On May 7, 1994, Nuggets center Dikembe Mutombo lay sprawled on the Hour of the Seattle Coliseum, cradling a basketball and weeping unabashedly over Denver's upset of the Western Conference's No. 1 seed, the Sonics, in the first round of the playoffs. His team, Mutombo tearfully exulted, had climbed all the way back from its nadir—a 20-win season in 1990-91.
Not so fast. A year ago, the Nuggets underachieved in the regular season—they went 41-41—and were swept in the first round of the playoffs by the Spurs. This season Denver, with a 30-41 record through Sunday, is in danger of missing the playoffs. That dubious achievement would make the Nuggets the NBA's biggest bust of 1995-96. "This has been a total disappointment," Mutombo said last week. "This is supposed to be a team on the rise. I was sure we would win at least 50 games. Basketball used to be fun. No more."
Denver has struggled because of inconsistency at point guard. The Nuggets have also suffered from the cumulative effects of off-season trades that sent two solid veterans, forward Rodney Rogers and center-forward Brian Williams, to the Clippers for, among others, heralded rookie Antonio McDyess; from complaints by forward LaPhonso Ellis about not starting; and from the controversy sparked by guard Mahmoud Abdul-Rauf's refusal to stand for the national anthem. "Then there are the things you don't even know about," says Mutombo. "For four years, we worked on a particular defense, and this year? We come out with a new one. [ Denver has moved from straight-up coverage to switching off more.] Why? Why do we mess up the good things we have?"
While the trades of Rogers and Williams disrupted the Nuggets' short-term chemistry, McDyess's long-term potential is tantalizing. Yet Mutombo is irked that he was not consulted by management before the transaction. "When you work for the Denver Nuggets," he says, "you are not included."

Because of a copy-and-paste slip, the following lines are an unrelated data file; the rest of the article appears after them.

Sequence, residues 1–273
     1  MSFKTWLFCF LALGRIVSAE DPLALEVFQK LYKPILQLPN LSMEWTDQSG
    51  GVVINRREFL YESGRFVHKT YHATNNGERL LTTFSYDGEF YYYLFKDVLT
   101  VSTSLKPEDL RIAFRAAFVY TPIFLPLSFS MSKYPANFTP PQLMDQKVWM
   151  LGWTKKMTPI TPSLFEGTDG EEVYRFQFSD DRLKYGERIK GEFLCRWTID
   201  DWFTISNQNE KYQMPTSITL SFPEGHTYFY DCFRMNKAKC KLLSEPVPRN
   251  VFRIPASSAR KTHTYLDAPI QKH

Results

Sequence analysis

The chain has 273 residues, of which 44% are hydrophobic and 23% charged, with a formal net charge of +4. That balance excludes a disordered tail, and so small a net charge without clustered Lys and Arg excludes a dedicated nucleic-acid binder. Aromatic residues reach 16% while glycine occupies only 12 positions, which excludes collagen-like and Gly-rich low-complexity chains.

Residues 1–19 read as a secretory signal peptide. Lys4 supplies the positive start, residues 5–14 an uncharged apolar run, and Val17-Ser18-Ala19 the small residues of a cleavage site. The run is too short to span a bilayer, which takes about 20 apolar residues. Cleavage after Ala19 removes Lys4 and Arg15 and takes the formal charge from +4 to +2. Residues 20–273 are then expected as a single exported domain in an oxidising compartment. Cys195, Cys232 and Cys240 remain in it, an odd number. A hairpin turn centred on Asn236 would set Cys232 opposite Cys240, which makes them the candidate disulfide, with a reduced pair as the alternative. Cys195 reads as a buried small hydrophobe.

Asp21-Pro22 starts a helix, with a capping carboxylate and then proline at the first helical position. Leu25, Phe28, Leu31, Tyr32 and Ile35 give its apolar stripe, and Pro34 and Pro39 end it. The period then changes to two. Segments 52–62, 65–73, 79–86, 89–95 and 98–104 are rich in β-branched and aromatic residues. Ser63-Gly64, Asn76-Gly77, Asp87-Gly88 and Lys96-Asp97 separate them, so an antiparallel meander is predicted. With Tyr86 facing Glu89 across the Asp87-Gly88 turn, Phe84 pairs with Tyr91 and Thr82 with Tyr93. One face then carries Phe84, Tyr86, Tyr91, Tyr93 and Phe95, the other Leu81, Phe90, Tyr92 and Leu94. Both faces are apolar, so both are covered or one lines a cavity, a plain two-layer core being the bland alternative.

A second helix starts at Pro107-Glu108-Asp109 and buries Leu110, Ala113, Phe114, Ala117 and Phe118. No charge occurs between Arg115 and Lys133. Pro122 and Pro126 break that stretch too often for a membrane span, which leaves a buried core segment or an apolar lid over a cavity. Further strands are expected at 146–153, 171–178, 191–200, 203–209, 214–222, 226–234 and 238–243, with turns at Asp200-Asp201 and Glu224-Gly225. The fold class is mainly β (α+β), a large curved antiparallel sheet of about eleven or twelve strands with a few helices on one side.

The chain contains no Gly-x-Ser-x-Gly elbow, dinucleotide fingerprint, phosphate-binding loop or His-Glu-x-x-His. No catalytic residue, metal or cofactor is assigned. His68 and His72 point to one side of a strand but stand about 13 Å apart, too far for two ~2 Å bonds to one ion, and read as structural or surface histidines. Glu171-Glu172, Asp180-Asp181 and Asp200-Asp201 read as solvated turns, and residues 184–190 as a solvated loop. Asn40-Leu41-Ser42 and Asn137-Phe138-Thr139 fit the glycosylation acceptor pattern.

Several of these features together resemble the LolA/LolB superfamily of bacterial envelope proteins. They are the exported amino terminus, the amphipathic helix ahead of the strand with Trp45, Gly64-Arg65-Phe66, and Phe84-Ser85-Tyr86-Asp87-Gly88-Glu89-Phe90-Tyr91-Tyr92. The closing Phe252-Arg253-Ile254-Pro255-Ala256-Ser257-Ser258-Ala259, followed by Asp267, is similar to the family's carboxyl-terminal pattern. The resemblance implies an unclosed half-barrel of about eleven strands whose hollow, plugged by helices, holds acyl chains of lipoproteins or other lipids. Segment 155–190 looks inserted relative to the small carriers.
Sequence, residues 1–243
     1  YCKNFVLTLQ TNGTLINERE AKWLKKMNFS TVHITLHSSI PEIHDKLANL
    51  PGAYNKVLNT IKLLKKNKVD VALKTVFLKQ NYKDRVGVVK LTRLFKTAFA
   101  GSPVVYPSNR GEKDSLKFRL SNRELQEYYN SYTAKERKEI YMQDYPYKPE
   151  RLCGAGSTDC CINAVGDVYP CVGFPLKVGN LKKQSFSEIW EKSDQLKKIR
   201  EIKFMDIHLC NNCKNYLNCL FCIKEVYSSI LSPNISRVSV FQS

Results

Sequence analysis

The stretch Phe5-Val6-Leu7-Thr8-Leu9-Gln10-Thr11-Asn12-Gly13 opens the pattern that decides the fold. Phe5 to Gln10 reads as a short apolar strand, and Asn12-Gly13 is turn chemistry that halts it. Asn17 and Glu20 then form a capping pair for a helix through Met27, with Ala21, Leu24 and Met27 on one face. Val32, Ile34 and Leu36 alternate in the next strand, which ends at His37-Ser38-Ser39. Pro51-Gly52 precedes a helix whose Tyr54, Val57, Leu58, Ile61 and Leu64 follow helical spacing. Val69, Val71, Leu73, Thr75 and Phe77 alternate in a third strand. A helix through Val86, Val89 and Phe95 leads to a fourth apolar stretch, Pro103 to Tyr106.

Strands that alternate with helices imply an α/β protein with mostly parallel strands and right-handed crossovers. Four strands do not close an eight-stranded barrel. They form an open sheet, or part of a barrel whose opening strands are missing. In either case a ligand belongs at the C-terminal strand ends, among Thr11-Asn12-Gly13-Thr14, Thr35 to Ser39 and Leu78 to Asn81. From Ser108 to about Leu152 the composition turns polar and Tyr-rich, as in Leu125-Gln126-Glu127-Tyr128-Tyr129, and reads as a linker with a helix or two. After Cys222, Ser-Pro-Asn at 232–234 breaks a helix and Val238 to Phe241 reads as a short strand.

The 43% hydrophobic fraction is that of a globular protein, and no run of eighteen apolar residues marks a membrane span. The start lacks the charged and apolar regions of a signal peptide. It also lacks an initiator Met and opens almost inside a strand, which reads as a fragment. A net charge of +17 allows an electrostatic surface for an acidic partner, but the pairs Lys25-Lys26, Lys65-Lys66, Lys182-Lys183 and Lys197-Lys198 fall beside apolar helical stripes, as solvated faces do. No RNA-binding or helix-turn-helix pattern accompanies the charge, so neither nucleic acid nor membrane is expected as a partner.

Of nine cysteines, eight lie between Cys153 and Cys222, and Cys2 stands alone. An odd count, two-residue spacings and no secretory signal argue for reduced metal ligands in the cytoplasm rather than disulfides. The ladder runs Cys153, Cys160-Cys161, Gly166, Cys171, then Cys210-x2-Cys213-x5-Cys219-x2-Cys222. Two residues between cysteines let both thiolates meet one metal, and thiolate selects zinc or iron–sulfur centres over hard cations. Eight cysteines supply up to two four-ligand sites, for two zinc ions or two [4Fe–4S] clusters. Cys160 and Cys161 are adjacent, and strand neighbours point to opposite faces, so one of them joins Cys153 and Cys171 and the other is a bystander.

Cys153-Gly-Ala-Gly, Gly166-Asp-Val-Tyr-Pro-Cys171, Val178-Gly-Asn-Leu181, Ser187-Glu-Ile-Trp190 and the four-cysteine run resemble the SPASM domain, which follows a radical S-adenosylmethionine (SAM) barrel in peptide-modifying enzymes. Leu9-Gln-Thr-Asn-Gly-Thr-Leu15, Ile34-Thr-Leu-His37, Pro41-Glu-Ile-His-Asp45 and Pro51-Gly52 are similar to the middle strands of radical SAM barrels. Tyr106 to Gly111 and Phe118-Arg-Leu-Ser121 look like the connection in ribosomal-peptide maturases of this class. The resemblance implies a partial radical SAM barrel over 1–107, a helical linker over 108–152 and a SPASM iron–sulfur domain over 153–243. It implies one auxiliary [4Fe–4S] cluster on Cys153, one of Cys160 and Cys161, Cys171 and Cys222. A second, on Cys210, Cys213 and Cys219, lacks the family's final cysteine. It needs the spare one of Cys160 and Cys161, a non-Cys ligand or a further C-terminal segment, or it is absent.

Mutombo, a five-year veteran who will be a free agent this summer, has never been comfortable with general manager-coach Bernie Bickerstaff's vision of his center as a 7'2" rebounding and shot-blocking wizard whose offense should be secondary. Now Mutombo wonders if it's time to move on. "I know things will be good for me, if not in Denver, then somewhere else," he says.
Mutombo's agent, David Falk, insists his client is speaking out of frustration. "Unless something totally out of line happens in negotiations," says Falk, "I fully expect Dikembe to remain with Denver."
Although Mutombo is on course to lead the league in blocked shots for the third straight season (through Sunday he was averaging 4.59 a game), this has not been his finest year. His rebounding average (11.7), points per game (11.0) and field goal percentage (.501) are down from last season, and early last month Bickerstaff sat Mutombo for the final 14� minutes of a game against San Antonio. The following day Mutombo and Bicker-staff met privately for an hour. Both emerged declaring they were on the same page, yet Mutombo's unhappiness was bubbling to the surface again last week, and Bickerstaff didn't appreciate the timing.
"We all have to look in the mirror and collectively accept responsibility for this season," says Bickerstaff. "No one should escape that—not the coaches, not the players. What we need to do, Mutombo included, is ask ourselves, What can I do to get us in the playoffs?"
It's the time of year when teams with fading playoff hopes assume the tank position and slide to the bottom of the standings, angling for a better shot at a high pick in the draft lottery. But this season the Bullets, 4� games out of a playoff spot with 10 to play at week's end, don't have the option of packing it in. Washington, which hasn't been to the postseason in eight years, gave up its first-round pick when it acquired point guard Mark Price from the Cavaliers in September. Besides, the Bullets desperately want to make the playoffs because 1) the players guaranteed it in November, and the fans expect it; and 2) team officials are concerned that another letdown will affect ticket sales and marketing when the team moves to a new, $180 million downtown Washington arena in the fall of 1997.